HOME REPAIRS AND RENOVATIONS
Repairs and renovations to homes are popular today. But almost everything you tear down or fix can be harmful to the environment and to you.
- In homes more than 10 years old, and especially in those more than 50 years old, wear a respirator when removing old paint because it may contain hazardous levels of lead.
- Small quantities of scraped paint that is more than 10 years old, and especially paint that is more than 50 years old, should be taken to a hazardous waste depot for disposal.
- If you have large quantities of scraped paint more than 50 years old, or of pieces of wood with such paint, contact your provincial environment department to find out the location of the closest landfill site with a leachate process. Then place the waste in double plastic bags, and be sure that it goes to a site with that process.
- Use non-toxic varieties of paints, paint removers, stains and varnishes, waxes, glues and adhesives, cleaners, etc.
- Asbestos can be a health hazard for renovators of older homes. Asbestos was used for purposes such as insulation and fireproofing, and as a strengthening agent. It is extremely toxic if inhaled. Contact your provincial health department for advice on identifying and handling asbestos.
- If you must use products containing hazardous chemicals, wear rubber gloves, eye goggles and a respirator while using the products; and then dispose of any unwanted leftover portions in an environmentally responsible way.
- When working with new wood that has been pressure-treated with chemical preservatives; wear rubber gloves, a dust mask, and goggles; do all sawing and machining outdoors if possible. Wash your clothes separately afterwards; and dispose of the sawdust and leftover wood at a hazardous waste depot, not by burning.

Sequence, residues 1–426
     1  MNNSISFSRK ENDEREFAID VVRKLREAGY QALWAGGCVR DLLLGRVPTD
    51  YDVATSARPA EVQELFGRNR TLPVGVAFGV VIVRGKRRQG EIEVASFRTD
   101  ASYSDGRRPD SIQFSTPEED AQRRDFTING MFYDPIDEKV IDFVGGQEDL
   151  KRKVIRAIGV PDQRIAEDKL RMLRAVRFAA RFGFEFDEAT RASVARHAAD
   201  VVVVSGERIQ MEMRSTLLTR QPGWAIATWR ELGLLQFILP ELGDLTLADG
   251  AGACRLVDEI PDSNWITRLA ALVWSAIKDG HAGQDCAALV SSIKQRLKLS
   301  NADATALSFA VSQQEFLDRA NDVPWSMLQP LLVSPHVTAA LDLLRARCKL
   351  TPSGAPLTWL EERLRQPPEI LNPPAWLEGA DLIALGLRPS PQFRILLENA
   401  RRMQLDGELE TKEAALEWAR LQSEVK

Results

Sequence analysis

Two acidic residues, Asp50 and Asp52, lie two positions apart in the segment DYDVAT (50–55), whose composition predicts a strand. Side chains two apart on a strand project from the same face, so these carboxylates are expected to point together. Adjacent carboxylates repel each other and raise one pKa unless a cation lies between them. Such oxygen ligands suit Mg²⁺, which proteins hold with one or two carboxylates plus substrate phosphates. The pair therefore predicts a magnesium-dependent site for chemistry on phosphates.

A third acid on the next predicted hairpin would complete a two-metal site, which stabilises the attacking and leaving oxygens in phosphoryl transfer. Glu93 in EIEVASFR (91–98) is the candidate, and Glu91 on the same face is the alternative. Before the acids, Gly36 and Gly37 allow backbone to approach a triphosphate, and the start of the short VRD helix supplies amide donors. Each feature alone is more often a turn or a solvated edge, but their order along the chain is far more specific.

HEATING-OILS STORAGE TANKS
One litre of oil can contaminate up to 2 million litres of water.
- Regularly inspect your heating-oil tank for visible signs of leaks. Also, monitor the oil levels and your use patterns to detect any unusual losses of contents, which would reveal hidden leaks. Have any leaks repaired promptly.
- Place a plastic sheet under the tank, so that any leaks can be seen and contained.
PRACTICE THE 3Rs
The basic 3 Rs are reduce, re-use and recycle. Various other Rs are added by some organizations, but these three are commonly accepted as the most important. The average Canadian generates almost two kilograms of garbage everyday -- more than any other citizen in the world.
The best way to lessen that amount is to reduce our consumption of products. Next, we should re-use products as much as possible, before discarding them. And when we recycle items, we are conserving our forestry and metal resources and reducing the pollution caused by manufacturing and by ordinary garbage disposal methods. For example, one family's yearly supply of newspapers can be recycled into almost enough insulation for one house.
- Don't buy more than you really need. It costs you more and just ends up as garbage we can all live without.
- Avoid disposable products. They may be more convenient, buy they cost more and produce unnecessary garbage.
- Think twice before throwing away items that no longer work properly or are worn. Will repairing or refinishing them make more sense than replacing them?
- Buy products that are well made and durable; that way you'll reduce waste while saving yourself time, money and aggravation.
- Completely use up the products you have before you buy more -- don't throw unused portions away.
- Be practical and be creative in finding further uses for things instead of just discarding them.
- Empty glass jars can be used to store bulk food, workshop articles and odds and ends.
- Plastic shopping bags can be taken back to supermarkets for re-use, used as garbage bags instead of buying special bags, or used to store articles you wish to protect from dust and moisture.
- Cardboard boxes and paper bags can be used to store things, or saved for packing things for your next move.
- Cans can be used to sort and store small household and workshop items, as indoor plant pots, and to protect garden plants from insects.
- Wrapping paper, string, rubber bands and bag ties will soon be needed again.
- If you can't find another way to re-reuse items yourself, pass them on to others who would welcome them.
- Clothing, toys, furniture and almost all other household items can be donated to religious or social service groups for use or for sale; or you can sell them yourself at a garage sale.
- Books and magazines can be donated to hospitals, senior citizens' residences, religious and social service organizations and schools.
- Many items can be donated to schools and day-care centres for use in handicrafts lessons. Call to find out what they need.